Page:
3.1 Bayesian Online Learning
Upon the arrival of the th dataset for largescale supervised classification, we are interested in a MAP estimate for the parameters of a neural network. Using Bayes’ rule on the posterior gives the recursive formula
(7) 
where Eq. (7) follows from the assumption that each dataset is independent given . As the normalised posterior is usually intractable, it may be approximated by a parametric distribution with parameter . The BOL framework consists of the update step and the projection step (Opper, 1998). The update step uses the approximate posterior obtained from the previous step for an update in the form of Eq. (7):
(8) 
The new posterior might not belong to the same parametric family as . In this case, the new posterior has to be projected into the same parametric family to obtain . Opper (1998) performs this projection by minimising the KLdivergence between the new posterior and the parametric , while Ritter et al. (2018a) use the Laplace approximation instead.
3.2 Laplace Approximation
We discover that the Laplace approximation method provides a wellfitted metatraining framework for Bayesian online metalearning in Eq. (5
). Each updating step in the approximation procedure can be modified to correspond to the metaparameters for fewshot classification, instead of the model parameters for largescale supervised classification. Laplace approximation rationalises the use of a Gaussian approximate posterior by Taylor expanding the logposterior around a mode up to the second order. The second order term corresponds to the logprobability of a Gaussian distribution.
For largescale supervised classification, we consider finding a MAP estimate following from Eq. (7):
(9)  
(10) 
Since the posterior of a neural network is intractable except for small architectures, the unnormalised posterior is considered instead. Performing Taylor expansion on the logarithm of the unnormalised posterior around a mode gives
(11) 
where denotes the Hessian matrix of the negative logposterior evaluated at . The expansion in Eq. (11) suggests using a Gaussian approximate posterior. Given the parameter , a mean for step can be obtained by finding a mode of the approximate posterior as follows via standard gradientbased optimisation:
(12) 
The precision matrix is updated as , where is the Hessian matrix of the negative log likelihood for evaluated at with entries
(13) 
For a neural network model, gradientbased optimisation methods such as SGD (Robbins and Monro, 1951) and Adam (Kingma and Ba, 2015) are the standard gradientbased methods in finding a mode for the Laplace approximation in Eq. (12). We show in Section 4 that this provides a wellsuited skeleton to implement Bayesian online metalearning in Eq. (5) with the modeseeking optimisation procedure.
3.3 BlockDiagonal Hessian
Since the full Hessian matrix in Eq. (13) is intractable for large neural networks, we seek for an efficient and relatively close approximation to the Hessian matrix. Diagonal approximations (Denker and LeCun, 1991; Kirkpatrick et al., 2017) are memory and computationally efficient, but sacrifice approximation accuracy as they ignore the interaction between parameters. Consider instead separating the Hessian matrix into blocks where different blocks are associated to different layers of a neural network. A particular diagonal block corresponds to the Hessian for a particular layer of the neural network. The blockdiagonal Kroneckerfactored approximation (Martens and Grosse, 2015; Grosse and Martens, 2016; Botev et al., 2017) utilises the fact that each diagonal block of the Hessian is Kroneckerfactored for a single data point. This provides a better Hessian approximation as it takes the parameter interactions within a layer into consideration.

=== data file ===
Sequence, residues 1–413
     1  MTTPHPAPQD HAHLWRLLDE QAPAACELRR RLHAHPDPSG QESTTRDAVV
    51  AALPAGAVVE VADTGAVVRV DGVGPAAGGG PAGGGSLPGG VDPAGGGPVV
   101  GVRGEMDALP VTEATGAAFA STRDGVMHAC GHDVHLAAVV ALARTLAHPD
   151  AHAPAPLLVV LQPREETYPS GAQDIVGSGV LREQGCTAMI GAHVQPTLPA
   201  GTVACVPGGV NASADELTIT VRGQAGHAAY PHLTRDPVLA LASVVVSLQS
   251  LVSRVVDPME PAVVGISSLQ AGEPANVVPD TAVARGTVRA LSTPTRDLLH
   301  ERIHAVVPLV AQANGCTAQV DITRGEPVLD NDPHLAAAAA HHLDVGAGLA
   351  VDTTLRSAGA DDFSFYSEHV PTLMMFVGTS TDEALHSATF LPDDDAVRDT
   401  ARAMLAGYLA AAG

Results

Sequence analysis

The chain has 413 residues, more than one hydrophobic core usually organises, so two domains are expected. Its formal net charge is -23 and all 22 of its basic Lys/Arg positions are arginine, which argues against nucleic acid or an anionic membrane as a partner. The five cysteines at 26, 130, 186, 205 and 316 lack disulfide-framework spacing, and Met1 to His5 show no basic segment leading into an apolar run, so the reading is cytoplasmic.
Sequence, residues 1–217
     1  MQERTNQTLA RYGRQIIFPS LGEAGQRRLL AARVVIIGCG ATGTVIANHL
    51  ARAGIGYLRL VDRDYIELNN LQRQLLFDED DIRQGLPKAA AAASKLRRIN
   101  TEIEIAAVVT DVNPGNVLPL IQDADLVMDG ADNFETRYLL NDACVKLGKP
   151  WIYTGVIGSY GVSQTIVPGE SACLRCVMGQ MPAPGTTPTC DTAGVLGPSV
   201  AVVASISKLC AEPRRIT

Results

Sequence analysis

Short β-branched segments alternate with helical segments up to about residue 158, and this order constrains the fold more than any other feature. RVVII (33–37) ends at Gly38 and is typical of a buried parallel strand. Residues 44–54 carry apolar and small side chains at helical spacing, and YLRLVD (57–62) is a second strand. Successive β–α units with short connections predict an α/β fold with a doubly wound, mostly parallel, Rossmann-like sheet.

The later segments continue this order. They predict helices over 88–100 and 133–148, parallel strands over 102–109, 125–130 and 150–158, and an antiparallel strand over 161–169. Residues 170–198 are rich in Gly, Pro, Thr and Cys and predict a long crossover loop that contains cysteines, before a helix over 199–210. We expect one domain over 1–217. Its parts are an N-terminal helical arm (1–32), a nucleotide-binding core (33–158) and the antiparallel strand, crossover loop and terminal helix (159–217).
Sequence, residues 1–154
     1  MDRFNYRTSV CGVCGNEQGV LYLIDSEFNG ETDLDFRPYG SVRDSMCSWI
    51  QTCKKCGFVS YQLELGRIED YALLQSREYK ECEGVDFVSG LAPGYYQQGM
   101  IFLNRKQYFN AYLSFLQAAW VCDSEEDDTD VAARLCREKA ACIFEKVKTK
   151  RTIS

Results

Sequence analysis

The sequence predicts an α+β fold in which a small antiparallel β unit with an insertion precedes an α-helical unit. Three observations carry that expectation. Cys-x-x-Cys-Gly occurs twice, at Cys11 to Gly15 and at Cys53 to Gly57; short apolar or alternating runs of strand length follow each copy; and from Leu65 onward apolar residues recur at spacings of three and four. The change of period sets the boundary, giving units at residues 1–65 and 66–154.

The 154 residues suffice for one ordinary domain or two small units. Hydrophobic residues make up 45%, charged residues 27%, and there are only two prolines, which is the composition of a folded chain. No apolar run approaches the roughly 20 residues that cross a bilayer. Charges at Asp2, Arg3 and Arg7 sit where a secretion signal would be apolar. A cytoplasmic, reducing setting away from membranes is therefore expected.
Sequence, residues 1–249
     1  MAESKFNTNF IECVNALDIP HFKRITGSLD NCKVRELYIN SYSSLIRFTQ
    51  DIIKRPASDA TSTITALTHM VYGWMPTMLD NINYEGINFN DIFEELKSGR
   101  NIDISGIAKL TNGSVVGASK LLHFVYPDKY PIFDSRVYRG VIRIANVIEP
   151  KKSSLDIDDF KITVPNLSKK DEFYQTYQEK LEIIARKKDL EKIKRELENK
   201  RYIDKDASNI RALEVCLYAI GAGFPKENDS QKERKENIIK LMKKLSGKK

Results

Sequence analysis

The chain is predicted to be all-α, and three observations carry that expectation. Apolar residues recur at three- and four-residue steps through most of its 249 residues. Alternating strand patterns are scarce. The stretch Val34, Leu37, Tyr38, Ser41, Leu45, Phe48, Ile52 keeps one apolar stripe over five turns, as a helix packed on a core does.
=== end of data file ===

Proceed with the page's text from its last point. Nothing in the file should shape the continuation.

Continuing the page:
Ritter et al. (2018a)
use a hyperparameter
as a multiplier to the Hessian when updating the precision:(14) 
In the largescale supervised classification setting, this hyperparameter has a regularising effect on the Gaussian posterior approximation for a balance between having a good performance on a new dataset and maintaining the performance on previous datasets (Ritter et al., 2018a). A large results in a sharply peaked Gaussian posterior and is therefore unable to learn new datasets well, but can prevent forgetting previously learned datasets. A small on the other hand gives a dispersed Gaussian posterior and allows better performance on new datasets by sacrificing the performance on the previous datasets.
4 Bomla Implementation
This section demonstrates how we arrive at the Bayesian Online MetaLearning with Laplace Approximation (BOMLA) framework by implementing the Laplace approximation to the posterior of the Bayesian online metalearning framework in Eq. (5). BOMLA provides a grounded framework for an online training on the sequential fewshot classification datasets.
The Bayesian online metalearning framework in Section 2.2 with a Gaussian approximation posterior of mean and precision from the Laplace approximation gives a MAP estimate
(15) 
Using the deterministic in Eq. (6) and sampling tasks per iteration as in MAML for the optimisation in Eq. (15) leads to minimising the objective
(16) 
where for . The first term of the objective in Eq. (16) corresponds to the MAML objective in Eq. (2) with a crossentropy loss, and the second term can be seen as a regulariser.
4.1 Hessian Approximation
The Hessian matrix corresponding to the first term of the BOMLA objective in Eq. (16) is